Carnival Corp, once a US $ 21 billion company, saw revenue drop to zero overnight last year when the pandemic shut down the cruise industry.
It’s CEO Arnold Donald’s job to navigate uncharted waters for the cruise giant, which operates nine brands around the world. The company hopes the entire fleet of nearly 90 ships will depart by next spring, but regulations to limit the spread of COVID-19 on board have slowed so far.
Donald relies on experienced cruisers to set sail again. He recognizes, however, that the industry faces the challenge of attracting new followers.
Donald has been CEO since 2013, when he replaced founder Micky Arison, who remains chairman. The change came after a fatal accident involving a ship off the coast of Italy and an ill-fated voyage that has been called the ‘shit cruise’ when the toilets did not flush as the helpless ship floated in the Caribbean For days.
Under the leadership of the New Orleans native, Carnival thrived for several years, posting a profit of US $ 3 billion in 2019. Then came the pandemic and the company lost US $ 10 billion.
Donald recently spoke to The Associated Press about his business, the cruise industry, and the intersection of business and politics. Answers have been edited for length.
Q. Can you start by describing what the pandemic did to the carnival?
A. It has certainly been devastating for the travel and tourism industry in general, and perhaps even more so for the cruise industry in particular. Even though we had no income, we had to continue to equip the ships with minimal manpower, so we had a high burn rate without any income.
Q. How will your business and the cruise industry recover?
A. It is very simple. The demand for travel experience among the world’s population has not disappeared – that demand is still there. In a very short time, the world has kind of educated itself and developed solutions to deal with (COVID-19). It’s not perfect. It’s not foolproof, but it helps us get back to the things we love better. We sailed successfully during the pandemic, even before vaccines in Europe.
Q. What impact has the Delta variant of COVID-19 had on bookings and cancellations?
A. I can’t speak between quarters, but generally speaking I would tell you that if we look to the future we don’t see any major obstacles to cruising in the future.
Q. Are you concerned that last year’s media coverage of virus outbreaks on cruise ships will scare passengers away for a long time?
A. For people who haven’t sailed and don’t understand it and don’t know what it is, of course these pictures make the climb more difficult for us. For those who have sailed – and there are many – we have no problem, because they know that when you go on a cruise there is a medical center on board, a doctor, nurses and hand disinfection stations. . We have already implemented many protocols, and now we have improved them for the specificity of the challenge that is COVID-19. Cruise lines understand this. They know that ships are not airplanes, where people sit side by side all the time.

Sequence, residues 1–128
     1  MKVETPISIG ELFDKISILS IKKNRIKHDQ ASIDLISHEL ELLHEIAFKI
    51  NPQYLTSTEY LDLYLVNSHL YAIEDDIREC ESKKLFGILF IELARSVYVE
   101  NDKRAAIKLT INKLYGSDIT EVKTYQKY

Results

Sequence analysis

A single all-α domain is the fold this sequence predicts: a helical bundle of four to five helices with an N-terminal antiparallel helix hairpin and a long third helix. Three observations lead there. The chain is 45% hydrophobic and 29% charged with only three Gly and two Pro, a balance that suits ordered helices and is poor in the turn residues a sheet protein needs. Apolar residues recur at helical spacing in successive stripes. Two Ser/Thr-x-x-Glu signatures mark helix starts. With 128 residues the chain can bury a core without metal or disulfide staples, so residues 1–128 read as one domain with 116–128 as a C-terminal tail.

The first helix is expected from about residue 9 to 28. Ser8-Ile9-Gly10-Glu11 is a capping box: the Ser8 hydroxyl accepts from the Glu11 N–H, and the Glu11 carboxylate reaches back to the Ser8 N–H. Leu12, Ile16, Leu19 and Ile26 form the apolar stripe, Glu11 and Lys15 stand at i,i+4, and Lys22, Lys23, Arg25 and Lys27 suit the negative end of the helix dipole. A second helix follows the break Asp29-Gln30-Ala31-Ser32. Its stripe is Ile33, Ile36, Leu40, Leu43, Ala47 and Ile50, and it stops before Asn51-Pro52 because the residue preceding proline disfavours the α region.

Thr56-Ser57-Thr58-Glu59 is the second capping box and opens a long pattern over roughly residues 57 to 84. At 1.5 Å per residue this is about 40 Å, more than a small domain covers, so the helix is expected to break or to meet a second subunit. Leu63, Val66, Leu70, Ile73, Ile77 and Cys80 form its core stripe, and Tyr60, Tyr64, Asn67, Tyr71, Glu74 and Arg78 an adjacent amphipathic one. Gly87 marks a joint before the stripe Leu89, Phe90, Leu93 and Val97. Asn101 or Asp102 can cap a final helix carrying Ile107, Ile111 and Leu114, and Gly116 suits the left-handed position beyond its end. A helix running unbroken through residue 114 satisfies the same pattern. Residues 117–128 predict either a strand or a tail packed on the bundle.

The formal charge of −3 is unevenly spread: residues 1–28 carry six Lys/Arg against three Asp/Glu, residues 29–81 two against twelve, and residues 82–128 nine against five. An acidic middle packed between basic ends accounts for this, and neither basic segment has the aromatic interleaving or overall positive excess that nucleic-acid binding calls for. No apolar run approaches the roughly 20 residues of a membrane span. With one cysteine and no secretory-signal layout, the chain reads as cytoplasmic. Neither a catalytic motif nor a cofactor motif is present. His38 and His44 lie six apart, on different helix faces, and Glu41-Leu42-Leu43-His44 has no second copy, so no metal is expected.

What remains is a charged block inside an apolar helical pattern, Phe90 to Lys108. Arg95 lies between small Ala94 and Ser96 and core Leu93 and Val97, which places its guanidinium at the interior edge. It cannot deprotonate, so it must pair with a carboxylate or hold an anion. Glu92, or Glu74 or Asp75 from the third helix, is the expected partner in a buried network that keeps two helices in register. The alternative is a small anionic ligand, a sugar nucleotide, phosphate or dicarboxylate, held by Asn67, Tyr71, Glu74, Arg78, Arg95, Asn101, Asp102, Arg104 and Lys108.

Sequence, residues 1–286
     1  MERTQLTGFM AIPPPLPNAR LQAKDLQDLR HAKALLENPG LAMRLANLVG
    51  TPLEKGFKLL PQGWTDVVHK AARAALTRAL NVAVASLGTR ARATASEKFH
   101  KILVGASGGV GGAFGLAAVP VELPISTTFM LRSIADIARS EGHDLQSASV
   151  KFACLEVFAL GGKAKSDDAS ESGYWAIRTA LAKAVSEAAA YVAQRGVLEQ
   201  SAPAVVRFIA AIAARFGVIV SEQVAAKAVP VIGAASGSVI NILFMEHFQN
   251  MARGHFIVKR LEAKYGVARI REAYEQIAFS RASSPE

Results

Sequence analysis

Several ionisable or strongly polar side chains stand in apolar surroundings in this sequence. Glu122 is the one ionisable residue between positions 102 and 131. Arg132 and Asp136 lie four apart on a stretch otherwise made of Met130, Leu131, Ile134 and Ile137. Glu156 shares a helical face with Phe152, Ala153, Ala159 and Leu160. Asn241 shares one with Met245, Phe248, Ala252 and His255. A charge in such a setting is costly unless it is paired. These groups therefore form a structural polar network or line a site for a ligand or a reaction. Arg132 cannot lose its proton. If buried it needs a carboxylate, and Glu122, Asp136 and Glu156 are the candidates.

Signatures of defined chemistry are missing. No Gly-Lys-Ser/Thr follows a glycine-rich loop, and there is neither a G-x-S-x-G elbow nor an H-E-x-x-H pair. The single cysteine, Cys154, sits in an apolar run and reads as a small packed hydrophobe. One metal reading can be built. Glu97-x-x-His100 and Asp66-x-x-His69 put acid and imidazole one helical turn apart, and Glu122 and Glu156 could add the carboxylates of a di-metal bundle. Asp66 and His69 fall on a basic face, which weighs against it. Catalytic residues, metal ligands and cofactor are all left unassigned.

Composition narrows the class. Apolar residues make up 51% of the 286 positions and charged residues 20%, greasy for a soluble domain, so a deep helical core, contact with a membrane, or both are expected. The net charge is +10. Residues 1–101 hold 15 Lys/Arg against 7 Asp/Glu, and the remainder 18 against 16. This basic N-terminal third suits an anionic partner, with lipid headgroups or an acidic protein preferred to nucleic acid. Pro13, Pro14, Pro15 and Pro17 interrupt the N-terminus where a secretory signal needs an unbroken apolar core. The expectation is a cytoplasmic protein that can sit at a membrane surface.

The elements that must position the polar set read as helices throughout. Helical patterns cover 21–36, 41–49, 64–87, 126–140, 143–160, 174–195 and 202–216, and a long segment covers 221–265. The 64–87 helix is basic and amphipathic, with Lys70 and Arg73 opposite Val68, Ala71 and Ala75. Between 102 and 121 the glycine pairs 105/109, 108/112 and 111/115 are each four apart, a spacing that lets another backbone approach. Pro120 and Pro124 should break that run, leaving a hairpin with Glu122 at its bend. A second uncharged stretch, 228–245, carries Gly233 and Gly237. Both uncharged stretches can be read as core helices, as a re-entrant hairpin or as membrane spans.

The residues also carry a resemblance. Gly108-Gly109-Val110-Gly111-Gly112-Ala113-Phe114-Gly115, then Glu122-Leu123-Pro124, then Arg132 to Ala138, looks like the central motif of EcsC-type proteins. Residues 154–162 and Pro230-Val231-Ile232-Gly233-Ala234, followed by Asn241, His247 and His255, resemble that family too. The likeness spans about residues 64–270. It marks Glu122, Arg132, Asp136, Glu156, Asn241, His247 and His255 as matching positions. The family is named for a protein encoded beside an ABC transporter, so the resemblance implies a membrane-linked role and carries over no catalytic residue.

Q. Unlike the airlines, which got a US $ 54 billion pandemic bailout, Carnival and other cruise lines have received no federal aid. Is it because you are incorporated in Panama?
A. We are not technically an American company, so of course that could influence a decision like this. I don’t know why the government did what it did, but it is rational thought. It would have been nice to have some help. We have a lot of American employees.
Q. Analysts (in a FactSet survey) expect Carnival’s revenue in 2023 to exceed 2019. That sounds optimistic to me. Can you do this?
A. We will probably have a little more capacity …. There will likely be a potential environment for higher pricing. This combination will lead to more income. So it is certainly a possibility. We are not giving a forecast yet.
Q. As CEO, you replaced the founder, Micky Arison. You arrived shortly after the Costa concordia capsized off Italy and Carnival triumph drifted through the Caribbean with no power and no toilet after a fire cut off the power. How was it ?
A. Micky had not been kicked out as CEO, which some people were trying to say in the media. He was instrumental in deciding to divide the role of chairman and the role of CEO, knowing that we had to focus our attention on some of those areas with advertising and all that, and other areas of the business that needed extra attention. It was all constructive, it was collaborative.
Q. You are one of the few black CEOs of Fortune 500 companies. When some members of the business community rallied against a Georgian law that they believed would harm minority voters, you did not appear to play a visible role. . Is this a fair characterization?
A. I try to stay away from politics when you get to parties and that sort of thing because we have Democratic guests and we have Republican guests, and they both get their views. . But I believe in standing up for things that are fundamentally right, and in this particular case, I signed this petition (a petition protesting Georgia’s electoral law) with other business leaders. One of the most basic rights in a democracy is the right to vote. We need to do things to encourage people to vote.
Q. You are 66 years old, you will be 67 in a few months. How long are you going to stay in your job?
A. As long as the board and shareholders want me to continue to do this – certainly as we navigate the rest of this pandemic and put this company back on the straight path to financial success, with great returns on investment. for shareholders.